When David Braben and Ian Bell started work on the massively influential and beloved space combat simulator Elite in the early 1980s, video gaming awards were barely even a thing.
As soon as Elite was released in 1984, however, it was pretty obvious it would win a shedload.
That was partly because the game was utterly brilliant, with a mix of complex trading mechanics and action-packed combat, and an insanely rich universe of 256 planets and spaceships to explore.
But it was also because by then the Golden Joystick awards had been born.
The first Golden Joysticks were held in 1982, and this week are celebrating their 30 year anniversary by honouring 2012's best in gaming with 16 different awards.
Not only that, but they've also smashed their record for votes cast with more than four million, and will stream the lavish ceremony live on YouTube.
Braben remembers that things in 1984 were a little bit less ambitious.
There were just seven Golden Joystick categories, for one thing. And the winners apparently rarely even got to hold their trophy.
"I never even saw the award," Braben told the Huffington Post UK in an email interview. And no, he doesn't have it now.
"I was told about it, but in those days the publishers tended to be very guarded about such things, and Firebird put it in a cabinet, somewhere."
Left: David Braben and Ian Bell, in 1984
Still, while the Golden Joysticks were less of a blockbuster affair than they are now it was still a boost at a time when everything about the industry was in a state of sudden, but fragile, growth.
"It was great. Ian Bell and I were very lucky at winning so many awards as we did," he said.
But did the award help his career in any practical way?
"The release and success of “Elite” boosted our careers hugely. To be honest it is difficult to consider the effect of any one award on that success, but I am sure it was there."
The Golden Joysticks are voted for by the public - something which judging by the mountain of votes received this year is taken very seriously by gamers.
"They are different. Being judged by your peers is very important, but ultimately the public have to be the most important," Braben said.
Recently the issue of how much power games reviewers and journalists have in determining a title's success has been a hot topic of discussion. Where does Braben stand?
"Reviewers are very influential. Word-of-mouth is a key way gamers hear about games, and reviewers essentially kick off that process. If a reviewer criticises a game heavily, then that negative reaction spreads in much the same way, harming sales significantly."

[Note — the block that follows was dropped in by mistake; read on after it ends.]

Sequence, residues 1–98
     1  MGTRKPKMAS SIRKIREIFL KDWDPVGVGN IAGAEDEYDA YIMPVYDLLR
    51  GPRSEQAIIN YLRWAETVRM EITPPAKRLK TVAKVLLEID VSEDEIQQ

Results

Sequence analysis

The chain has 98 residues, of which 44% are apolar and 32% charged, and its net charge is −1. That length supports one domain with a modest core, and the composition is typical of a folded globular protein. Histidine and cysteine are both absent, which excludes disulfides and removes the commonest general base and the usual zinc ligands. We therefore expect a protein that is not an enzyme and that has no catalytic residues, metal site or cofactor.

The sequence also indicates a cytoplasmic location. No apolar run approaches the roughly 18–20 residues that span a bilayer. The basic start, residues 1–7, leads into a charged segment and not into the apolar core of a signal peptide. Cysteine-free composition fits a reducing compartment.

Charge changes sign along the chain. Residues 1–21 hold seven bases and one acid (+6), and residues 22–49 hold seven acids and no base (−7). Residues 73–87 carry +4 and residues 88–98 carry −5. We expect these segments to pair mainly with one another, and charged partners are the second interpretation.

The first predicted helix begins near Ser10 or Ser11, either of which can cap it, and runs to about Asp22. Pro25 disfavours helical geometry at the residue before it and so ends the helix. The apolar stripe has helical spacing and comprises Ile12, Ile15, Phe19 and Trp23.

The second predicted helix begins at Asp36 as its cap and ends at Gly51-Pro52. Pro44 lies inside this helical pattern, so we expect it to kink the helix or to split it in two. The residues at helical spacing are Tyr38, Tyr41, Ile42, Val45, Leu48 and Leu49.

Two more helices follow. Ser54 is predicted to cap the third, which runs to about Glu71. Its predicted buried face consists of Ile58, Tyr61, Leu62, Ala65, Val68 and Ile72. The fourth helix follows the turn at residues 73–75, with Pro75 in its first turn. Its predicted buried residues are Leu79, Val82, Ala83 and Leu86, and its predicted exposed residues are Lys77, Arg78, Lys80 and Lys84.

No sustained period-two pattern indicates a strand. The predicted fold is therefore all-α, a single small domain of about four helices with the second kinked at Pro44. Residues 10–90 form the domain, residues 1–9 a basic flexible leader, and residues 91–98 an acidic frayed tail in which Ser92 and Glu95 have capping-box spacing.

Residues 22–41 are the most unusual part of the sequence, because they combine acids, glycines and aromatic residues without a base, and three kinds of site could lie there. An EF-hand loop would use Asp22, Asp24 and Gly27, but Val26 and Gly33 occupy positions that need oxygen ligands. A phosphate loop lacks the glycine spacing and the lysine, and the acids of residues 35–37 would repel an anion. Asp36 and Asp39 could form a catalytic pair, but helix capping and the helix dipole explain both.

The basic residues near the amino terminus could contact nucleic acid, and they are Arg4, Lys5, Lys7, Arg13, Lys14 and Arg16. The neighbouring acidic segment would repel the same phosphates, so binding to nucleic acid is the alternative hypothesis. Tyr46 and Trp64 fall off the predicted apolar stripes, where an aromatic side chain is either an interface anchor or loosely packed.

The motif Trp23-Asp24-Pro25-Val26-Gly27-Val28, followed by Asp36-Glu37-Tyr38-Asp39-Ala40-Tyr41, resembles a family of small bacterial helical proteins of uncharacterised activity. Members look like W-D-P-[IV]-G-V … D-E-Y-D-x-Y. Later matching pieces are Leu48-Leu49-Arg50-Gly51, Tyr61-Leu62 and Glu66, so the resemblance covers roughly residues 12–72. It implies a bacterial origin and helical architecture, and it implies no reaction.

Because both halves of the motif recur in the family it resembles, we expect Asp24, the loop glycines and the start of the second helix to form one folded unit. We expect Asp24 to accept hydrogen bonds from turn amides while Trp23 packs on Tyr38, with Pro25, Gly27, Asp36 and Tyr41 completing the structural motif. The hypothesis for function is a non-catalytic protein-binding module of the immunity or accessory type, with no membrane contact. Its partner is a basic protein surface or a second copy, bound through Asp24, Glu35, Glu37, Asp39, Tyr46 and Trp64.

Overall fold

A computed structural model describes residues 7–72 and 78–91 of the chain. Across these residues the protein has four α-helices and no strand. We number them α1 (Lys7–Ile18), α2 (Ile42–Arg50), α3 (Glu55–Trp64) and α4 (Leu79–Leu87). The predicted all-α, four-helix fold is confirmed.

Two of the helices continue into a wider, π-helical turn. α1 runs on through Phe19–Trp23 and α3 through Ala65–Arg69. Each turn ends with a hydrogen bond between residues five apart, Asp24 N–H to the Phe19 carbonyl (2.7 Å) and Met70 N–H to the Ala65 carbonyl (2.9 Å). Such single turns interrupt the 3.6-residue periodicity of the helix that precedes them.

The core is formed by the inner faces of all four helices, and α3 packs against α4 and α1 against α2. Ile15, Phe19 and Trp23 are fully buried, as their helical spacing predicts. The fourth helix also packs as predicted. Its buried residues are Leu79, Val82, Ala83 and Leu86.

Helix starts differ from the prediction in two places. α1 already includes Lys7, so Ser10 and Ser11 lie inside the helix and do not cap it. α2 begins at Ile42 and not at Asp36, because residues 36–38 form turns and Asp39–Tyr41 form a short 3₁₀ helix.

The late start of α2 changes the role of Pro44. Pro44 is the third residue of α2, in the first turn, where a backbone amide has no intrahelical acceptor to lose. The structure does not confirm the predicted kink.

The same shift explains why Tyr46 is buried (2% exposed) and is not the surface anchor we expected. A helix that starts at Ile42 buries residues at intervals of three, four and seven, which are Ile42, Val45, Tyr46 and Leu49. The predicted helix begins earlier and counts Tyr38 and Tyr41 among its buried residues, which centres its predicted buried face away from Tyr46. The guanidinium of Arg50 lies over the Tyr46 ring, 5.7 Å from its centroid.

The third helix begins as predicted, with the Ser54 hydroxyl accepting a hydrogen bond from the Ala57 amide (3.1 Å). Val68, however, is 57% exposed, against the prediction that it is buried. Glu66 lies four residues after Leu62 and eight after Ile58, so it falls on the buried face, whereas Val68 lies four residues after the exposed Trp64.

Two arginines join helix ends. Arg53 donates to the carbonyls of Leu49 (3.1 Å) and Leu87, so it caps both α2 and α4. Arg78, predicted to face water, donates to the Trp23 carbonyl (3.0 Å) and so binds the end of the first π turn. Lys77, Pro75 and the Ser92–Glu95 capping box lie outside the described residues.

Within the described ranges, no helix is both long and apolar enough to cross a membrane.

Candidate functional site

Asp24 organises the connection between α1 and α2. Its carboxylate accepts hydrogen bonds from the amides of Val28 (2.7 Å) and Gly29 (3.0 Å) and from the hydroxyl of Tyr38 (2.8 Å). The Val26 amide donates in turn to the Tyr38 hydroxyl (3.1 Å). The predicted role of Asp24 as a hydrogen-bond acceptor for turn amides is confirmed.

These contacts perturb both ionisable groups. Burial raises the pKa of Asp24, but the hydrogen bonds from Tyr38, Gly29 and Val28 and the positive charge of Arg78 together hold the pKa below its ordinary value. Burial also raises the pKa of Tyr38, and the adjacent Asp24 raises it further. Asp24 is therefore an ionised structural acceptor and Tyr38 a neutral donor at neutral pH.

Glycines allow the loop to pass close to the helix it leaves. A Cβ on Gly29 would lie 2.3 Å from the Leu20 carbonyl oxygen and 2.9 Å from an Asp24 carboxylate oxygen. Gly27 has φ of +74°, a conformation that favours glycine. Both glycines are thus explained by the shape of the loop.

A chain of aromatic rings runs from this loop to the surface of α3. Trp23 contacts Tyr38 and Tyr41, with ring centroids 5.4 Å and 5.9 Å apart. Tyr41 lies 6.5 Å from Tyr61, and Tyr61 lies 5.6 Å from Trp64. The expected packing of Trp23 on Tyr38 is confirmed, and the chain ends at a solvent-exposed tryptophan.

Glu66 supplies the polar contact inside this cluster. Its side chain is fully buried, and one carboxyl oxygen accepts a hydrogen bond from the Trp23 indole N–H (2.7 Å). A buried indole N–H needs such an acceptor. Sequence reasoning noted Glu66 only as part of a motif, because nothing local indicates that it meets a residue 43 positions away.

Has that grown or lessened over time, particularly since the growth of online media?
"It has probably lessened a little, mainly because of the proliferation of reviewers and places you can see reviews. It means that one review that is incorrectly massively negative or positive stands out as unreasonably biased a lot more, so it actually happens a lot less."
Above: David Braben with the Raspberry Pi, for which he is a foundation trustee
For an outsider, one of the strangest elements of an awards show like the Golden Joysticks is seeing the parade of often ashen-faced games developers trooping up on stage to collect their gongs. It's a rare chance to see the minds behind a big franchise title -- and have a glimpse into how they work.
Braben says many gamers probably have little idea of the true scale of modern games development.
"They probably have a vague inkling, but no, I suspect they do not realise the complexity or sizes of teams that are often employed."
So why do games companies make bad games? Is it lack of thought, talent, resources, or just bad luck?
"No one sets out to make a bad game," he said.
"Sometimes what seems to be a good idea on paper doesn’t work well as a game, and the key thing to do is to find that out as soon as possible, and then either find a way to fix it, or to stop development there and then. Stopping is a brave thing to do, and some people are not brave but remain in denial."
What is clear is that the Golden Joysticks and other gaming awards, like those run by the BAFTAs and GameCity, are just getting bigger. What chance that one day gaming awards will be covered with the same excitement as music and movie awards? Does Braben see that happening?
"Yes," he said. "The average age of gamers is rapidly approaching that of the population, and a great many people now call themselves gamers."
For now Braben is still working on new games - his company Frontier's mobile platformers Lost Winds and Lost Winds 2 have seen "millions" of downloads since its release, he said - and yes, has won a bunch of awards.
In fact, Lost Winds 2 is up for a Golden Joystick this year.
Let's hope if he wins they let him keep it this time.